Cinema beyond borders: actor Justine Waddell on why cultural ties count

Cinema beyond borders: actor Justine Waddell on why cultural ties count

25 September 2018

Actor Justine Waddell fell in love with Russian cinema after learning Russian on the set of sci-fi Anna Karenina update,Target. Now she works to preserve and share classic Russian, Soviet and eastern European cinema as the head and founder of the Kino Klassika Foundation, spreading understanding and appreciation for the region’s rich visual history with screenings, exhibitions, restorations and publications.

The Calvert Journal talked to her about visual heritage, Soviet-style tea leadies, and why she’s proud to be an ambassador of the Saint-Petersburg International Cultural Forum.

Learning to speak Russian was the most remarkable gift. Like most people, I’d gotten to know Russia through books and music; I read Dostoevsky as a teenager. Then, about 10 years ago, I was offered the lead in a Russian film out of the blue. It was a sci-fi film based on Anna Karenina: an ambitious project with a flamboyant screenplay. It was a very special moment in Moscow’s cultural life and I fell into this circle of artists and intellectuals. My character was a native Russian so I had to speak the language. I started learning Russian by watching Russian films. Speaking a language opens doors and emotions and a shared understanding that you wouldn’t otherwise have.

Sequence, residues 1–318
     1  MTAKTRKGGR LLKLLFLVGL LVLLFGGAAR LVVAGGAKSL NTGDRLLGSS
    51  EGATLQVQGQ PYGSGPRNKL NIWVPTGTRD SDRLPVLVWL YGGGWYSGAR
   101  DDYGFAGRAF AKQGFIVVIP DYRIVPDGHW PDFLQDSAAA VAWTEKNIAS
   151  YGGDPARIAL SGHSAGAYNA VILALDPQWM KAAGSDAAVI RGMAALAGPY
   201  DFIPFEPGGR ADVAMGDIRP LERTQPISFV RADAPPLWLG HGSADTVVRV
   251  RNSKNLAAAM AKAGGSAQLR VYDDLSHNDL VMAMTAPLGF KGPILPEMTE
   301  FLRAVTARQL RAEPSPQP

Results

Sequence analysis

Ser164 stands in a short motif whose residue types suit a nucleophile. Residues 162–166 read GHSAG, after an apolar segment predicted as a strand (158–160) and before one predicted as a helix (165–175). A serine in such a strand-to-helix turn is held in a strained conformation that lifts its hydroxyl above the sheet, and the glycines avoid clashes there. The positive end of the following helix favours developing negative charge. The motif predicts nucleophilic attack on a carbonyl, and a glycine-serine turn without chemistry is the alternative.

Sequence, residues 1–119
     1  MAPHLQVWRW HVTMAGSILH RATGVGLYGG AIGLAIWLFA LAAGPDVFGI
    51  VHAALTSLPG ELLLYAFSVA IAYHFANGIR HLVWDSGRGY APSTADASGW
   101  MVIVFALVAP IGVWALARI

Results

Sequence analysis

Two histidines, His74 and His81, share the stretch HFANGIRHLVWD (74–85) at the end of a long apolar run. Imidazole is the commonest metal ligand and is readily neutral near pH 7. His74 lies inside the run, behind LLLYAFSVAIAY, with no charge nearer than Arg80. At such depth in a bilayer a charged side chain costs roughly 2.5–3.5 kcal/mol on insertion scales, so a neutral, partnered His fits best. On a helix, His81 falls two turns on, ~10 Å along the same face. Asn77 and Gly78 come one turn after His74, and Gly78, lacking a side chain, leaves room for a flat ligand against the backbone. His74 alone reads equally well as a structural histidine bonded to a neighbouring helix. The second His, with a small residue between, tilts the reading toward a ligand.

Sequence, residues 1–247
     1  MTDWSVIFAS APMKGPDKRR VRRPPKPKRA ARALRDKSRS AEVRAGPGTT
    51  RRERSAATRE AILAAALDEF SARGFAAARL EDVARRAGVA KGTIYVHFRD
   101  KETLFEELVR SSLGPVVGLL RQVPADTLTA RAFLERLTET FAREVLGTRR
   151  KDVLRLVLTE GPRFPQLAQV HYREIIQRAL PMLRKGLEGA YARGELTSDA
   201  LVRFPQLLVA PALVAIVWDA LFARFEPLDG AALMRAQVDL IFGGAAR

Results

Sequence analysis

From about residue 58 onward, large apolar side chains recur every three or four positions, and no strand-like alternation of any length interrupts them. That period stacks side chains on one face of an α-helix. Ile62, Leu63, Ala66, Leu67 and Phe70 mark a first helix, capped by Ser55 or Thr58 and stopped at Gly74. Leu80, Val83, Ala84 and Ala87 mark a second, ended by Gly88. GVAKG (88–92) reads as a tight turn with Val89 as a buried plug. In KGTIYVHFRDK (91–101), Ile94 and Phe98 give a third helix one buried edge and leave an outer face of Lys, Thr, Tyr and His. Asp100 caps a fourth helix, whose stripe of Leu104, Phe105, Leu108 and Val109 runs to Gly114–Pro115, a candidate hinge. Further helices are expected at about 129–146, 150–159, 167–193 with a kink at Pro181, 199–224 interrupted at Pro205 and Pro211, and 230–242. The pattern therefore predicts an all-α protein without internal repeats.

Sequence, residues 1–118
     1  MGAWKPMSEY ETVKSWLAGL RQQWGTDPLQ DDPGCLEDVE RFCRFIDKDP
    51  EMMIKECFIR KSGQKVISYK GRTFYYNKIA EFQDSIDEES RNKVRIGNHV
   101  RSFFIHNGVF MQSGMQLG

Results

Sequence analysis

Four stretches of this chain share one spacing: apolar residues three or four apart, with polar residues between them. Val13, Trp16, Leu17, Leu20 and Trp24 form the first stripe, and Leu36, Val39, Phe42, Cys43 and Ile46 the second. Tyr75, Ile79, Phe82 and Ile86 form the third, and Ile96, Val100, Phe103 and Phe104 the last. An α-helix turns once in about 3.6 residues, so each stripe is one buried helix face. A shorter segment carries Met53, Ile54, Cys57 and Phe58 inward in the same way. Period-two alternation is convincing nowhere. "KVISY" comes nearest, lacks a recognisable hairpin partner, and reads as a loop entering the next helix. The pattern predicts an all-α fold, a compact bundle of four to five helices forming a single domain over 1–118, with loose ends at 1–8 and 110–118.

Russia’s cinema industry is a clash of the modern and the traditional. Some things are the same as in any film studio anywhere in the world. The call time is a killer. You’re up early to spend hours in make up every morning. But Russian studios have their own personality. The Mosfilm Studios [in Moscow] have world-class facilities, but you’ll still find these quite old-fashioned tea ladies selling pastries in the corridors and stairwells. There’s nothing about your film or the studio that those ladies don’t know.

Russian films have this sheer scale of ambition. It took four years to film Target. In Russia, that’s quite a regular occurence. The Russian studio system evolved in a different way [to the American studio system]. The American system was commercially driven, but the goal of the first Soviet directors such as Eisenstein was to educate, to ask questions, to provoke, to politicise. Russian cinema hasn’t lost that birthright. Directors get much more time to create.

We can lose a film in one of two ways: when the physical film disintegrates, or just because no one knows about it. At the heart of Kino Klassika is the idea that films aren’t just entertainment or propaganda, but works of art that should be protected, restored and shared across the world. We’ve just embarked on our first restoration programme with Daniel Bird and Fixafilm Poland as our partners. The pilot project, Sergei Parajanov’s short film Hakob Hovnatanyan, is premiering at the Telluride Film Festival in September.